Lukashenko’s became a pariah regime after the Ryanair flight incident. Beijing is coming to the rescue.
by Massimo Introvigne
Nobody in the world is defending the Belarusian regime after it hijacked a Ryanair jet en route from Athens to Vilnius and compelled it to make an emergency landing in Minsk, where police arrested a Belarusian dissident, Roman Protasevich, and his fiancé. Nobody, except China.
Summarizing Chinese Party-owned media, the international propaganda daily of the CCP, the Global Times emerged as the only newspaper outside Belarus to take seriously the version that “after reports of a bomb threat on board the aircraft the Belarusian government sent a jet fighter to protect the landing.” That there was no bomb threat from Hamas, that it would have made much more sense to land in Vilnius, Lithuania, rather than going back to Minsk, and that the story was created by Belarus to arrest Protasevich is dismissed by the CCP as a Western “conspiracy theory.” Unfortunately for the CCP, Hamas itself has declared the story bogus.
The Global Times is technically not an official organ of the CCP but is published “under the auspices” of the CCP’s mouthpiece People’s Daily and is considered a very faithful expression of the Party’s views.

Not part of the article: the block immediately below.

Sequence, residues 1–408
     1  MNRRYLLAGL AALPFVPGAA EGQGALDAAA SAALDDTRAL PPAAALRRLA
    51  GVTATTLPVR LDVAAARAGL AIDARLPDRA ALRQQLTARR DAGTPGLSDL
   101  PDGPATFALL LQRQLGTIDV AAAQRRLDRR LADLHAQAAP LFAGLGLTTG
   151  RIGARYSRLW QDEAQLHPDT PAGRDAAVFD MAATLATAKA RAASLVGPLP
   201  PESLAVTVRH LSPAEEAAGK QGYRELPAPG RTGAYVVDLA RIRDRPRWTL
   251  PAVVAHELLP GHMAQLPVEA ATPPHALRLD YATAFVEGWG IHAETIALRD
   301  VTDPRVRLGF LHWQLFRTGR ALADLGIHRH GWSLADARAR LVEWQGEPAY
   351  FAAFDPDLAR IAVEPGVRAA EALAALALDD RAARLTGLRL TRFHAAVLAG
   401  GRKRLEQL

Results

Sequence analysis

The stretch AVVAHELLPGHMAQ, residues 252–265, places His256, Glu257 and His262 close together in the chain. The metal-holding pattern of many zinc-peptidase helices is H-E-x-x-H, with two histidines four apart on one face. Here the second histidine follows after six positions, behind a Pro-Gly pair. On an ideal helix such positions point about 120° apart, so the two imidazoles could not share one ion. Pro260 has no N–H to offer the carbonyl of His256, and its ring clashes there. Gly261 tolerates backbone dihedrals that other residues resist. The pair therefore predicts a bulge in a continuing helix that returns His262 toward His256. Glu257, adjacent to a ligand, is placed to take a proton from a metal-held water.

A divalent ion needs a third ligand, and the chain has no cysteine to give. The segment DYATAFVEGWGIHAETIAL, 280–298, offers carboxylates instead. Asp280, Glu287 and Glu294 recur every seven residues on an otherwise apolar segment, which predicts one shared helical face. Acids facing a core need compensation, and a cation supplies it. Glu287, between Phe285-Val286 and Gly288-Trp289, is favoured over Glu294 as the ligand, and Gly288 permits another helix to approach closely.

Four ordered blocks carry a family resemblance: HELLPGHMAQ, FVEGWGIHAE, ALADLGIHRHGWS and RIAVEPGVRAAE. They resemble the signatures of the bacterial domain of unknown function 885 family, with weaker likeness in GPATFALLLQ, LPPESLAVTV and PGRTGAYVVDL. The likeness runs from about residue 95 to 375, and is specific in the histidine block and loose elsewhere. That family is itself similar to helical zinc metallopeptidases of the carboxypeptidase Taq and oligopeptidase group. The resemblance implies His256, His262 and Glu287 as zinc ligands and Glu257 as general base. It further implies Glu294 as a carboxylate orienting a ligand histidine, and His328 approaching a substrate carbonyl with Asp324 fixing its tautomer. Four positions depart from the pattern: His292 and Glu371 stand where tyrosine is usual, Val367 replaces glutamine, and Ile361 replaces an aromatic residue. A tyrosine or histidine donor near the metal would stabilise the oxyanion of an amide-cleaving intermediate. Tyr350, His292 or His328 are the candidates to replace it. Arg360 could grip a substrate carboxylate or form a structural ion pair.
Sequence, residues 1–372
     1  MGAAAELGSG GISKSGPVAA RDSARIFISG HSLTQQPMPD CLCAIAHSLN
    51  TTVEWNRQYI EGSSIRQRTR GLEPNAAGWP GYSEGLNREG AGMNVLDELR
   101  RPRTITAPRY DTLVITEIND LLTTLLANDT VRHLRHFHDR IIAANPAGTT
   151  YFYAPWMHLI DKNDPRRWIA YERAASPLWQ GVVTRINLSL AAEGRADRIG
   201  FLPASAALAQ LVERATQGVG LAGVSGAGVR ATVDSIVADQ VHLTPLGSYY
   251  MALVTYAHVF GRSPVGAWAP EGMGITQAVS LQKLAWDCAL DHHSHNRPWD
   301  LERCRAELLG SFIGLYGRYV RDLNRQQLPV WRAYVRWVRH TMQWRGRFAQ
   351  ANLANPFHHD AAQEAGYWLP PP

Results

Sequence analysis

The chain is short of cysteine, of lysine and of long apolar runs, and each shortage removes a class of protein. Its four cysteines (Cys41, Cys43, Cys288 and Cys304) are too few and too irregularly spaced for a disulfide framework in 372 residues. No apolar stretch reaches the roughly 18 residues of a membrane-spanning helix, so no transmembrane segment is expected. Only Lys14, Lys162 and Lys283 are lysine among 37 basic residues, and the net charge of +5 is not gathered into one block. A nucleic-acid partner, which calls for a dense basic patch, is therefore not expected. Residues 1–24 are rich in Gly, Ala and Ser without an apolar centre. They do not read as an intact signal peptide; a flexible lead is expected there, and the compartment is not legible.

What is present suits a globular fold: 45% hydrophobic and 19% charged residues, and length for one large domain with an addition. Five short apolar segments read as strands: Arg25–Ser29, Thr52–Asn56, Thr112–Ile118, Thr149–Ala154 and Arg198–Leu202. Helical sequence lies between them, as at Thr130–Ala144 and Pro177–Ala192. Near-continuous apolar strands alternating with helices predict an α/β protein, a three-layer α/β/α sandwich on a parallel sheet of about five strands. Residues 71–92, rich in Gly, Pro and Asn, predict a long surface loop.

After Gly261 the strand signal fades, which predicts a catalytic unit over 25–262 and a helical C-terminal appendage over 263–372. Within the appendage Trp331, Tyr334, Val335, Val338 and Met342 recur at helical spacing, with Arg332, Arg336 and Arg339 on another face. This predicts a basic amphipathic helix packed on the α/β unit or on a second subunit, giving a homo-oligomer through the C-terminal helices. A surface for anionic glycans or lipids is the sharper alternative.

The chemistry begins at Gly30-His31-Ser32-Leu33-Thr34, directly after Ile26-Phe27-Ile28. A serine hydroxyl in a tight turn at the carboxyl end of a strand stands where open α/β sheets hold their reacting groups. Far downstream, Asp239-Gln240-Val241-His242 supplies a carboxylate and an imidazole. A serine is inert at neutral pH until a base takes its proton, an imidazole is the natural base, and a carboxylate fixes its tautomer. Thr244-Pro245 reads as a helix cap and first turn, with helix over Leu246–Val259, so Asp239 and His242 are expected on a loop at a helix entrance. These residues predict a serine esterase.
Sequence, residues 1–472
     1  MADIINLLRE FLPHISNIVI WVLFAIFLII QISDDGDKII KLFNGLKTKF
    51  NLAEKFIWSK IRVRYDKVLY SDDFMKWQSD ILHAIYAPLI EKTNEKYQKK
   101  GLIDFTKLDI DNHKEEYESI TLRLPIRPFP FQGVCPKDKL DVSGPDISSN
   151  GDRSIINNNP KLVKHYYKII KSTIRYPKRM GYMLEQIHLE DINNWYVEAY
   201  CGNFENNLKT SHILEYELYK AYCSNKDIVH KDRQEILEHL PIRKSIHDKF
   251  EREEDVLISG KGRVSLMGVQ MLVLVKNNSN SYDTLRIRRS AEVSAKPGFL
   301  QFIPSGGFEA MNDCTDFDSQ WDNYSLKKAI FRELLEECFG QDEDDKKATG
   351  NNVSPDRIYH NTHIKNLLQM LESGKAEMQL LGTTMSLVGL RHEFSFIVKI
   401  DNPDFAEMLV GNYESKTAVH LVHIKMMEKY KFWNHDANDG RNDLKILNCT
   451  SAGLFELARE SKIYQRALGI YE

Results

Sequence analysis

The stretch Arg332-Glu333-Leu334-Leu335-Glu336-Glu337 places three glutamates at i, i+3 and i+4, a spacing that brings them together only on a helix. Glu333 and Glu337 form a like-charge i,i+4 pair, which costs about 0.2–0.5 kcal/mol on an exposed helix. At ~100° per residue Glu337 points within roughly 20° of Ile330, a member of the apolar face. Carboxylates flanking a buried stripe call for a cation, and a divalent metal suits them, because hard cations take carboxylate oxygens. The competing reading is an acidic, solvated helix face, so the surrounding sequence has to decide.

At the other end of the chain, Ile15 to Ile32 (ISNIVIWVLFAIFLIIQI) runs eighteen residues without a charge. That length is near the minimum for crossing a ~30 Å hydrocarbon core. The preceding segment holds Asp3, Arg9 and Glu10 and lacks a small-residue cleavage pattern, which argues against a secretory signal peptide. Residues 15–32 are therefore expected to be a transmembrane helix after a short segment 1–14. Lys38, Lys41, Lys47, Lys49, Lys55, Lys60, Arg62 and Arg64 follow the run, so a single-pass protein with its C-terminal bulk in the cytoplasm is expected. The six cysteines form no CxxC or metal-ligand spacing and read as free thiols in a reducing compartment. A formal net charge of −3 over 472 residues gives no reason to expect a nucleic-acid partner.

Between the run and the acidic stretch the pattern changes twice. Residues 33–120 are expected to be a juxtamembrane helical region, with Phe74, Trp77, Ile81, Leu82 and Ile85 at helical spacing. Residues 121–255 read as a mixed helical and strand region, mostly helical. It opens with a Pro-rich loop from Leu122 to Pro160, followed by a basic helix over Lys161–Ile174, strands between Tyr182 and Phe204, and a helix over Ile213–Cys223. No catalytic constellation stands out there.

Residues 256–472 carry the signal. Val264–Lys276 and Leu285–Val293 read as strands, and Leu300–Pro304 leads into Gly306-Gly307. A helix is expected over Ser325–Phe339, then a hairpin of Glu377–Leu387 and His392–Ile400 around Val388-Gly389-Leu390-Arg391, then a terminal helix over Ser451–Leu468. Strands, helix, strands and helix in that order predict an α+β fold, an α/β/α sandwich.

“There are many reports in the Western media, the CCP-connected daily continued, but the information that guides the reports does not come from authoritative organizations. Most of them are statements and accusations from the Belarusian opposition.”
“What is the truth?” ask the Chinese. Many accuse the Belarusian government, but these accusations, according to the CCP, are “in the realm of public opinion, not the confirmation of international institutions.” The CCP believes that, “The Belarusian local authorities boarded the plane after landing to search for the bomb and re-conducted security checks. The Belarusian law enforcement investigators have opened a criminal case into the fake bomb threat.”
Beijing is also persuaded that Belarus is “a country with an opposition and running multi-party elections.” As a consequence, the CCP says, “There is no logic to why Belarus should have embarked on such a sensational and aggressive action to arrest Protasevich, one that is destined to draw heavy pressure from the West.”
Perhaps, continues the CCP, “the request to land in Belarus was made voluntarily by the air crew” and “the Belarusian government had been asked to help a civilian airliner with anti-terrorism measures, and then incidentally arrested those whom they consider a criminal suspect.”
The CCP asks “the international community” to “give Belarus the right to defend itself,” commenting that “Western public opinion has a very strong ability to set the agenda and often classifies an incident at the beginning of its occurrence without an authoritative investigation.”
Not coincidentally, on May 25 China and Russia met for “strategic consultations” in Moscow, and called Belarus a “a close partner” of both countries.